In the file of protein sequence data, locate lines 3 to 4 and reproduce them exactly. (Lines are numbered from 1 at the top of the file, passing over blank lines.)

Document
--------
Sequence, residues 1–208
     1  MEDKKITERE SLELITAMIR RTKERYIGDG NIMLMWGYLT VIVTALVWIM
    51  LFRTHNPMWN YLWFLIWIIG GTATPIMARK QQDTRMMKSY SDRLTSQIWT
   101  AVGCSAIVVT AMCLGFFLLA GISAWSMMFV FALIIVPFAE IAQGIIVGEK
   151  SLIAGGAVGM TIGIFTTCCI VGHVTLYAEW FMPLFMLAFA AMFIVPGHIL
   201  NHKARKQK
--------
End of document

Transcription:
    51  LFRTHNPMWN YLWFLIWIIG GTATPIMARK QQDTRMMKSY SDRLTSQIWT
   101  AVGCSAIVVT AMCLGFFLLA GISAWSMMFV FALIIVPFAE IAQGIIVGEK